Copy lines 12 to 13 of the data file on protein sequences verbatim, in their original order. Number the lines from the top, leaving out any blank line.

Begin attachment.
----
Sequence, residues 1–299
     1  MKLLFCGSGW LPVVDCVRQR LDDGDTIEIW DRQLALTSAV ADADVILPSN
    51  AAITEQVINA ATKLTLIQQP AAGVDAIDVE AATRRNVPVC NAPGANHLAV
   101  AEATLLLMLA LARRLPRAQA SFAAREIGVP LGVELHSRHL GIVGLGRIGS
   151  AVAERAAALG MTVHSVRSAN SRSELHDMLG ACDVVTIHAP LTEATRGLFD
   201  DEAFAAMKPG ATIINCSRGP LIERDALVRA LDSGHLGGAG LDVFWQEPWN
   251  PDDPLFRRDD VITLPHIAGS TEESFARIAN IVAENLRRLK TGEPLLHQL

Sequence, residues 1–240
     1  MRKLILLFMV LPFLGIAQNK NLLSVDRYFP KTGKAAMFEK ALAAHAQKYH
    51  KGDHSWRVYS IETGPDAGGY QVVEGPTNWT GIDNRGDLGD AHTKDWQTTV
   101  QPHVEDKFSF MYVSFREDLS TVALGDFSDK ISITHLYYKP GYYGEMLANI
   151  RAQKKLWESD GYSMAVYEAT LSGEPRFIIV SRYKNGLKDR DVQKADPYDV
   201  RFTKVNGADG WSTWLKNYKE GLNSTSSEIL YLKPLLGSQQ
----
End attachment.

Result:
   151  RAQKKLWESD GYSMAVYEAT LSGEPRFIIV SRYKNGLKDR DVQKADPYDV
   201  RFTKVNGADG WSTWLKNYKE GLNSTSSEIL YLKPLLGSQQ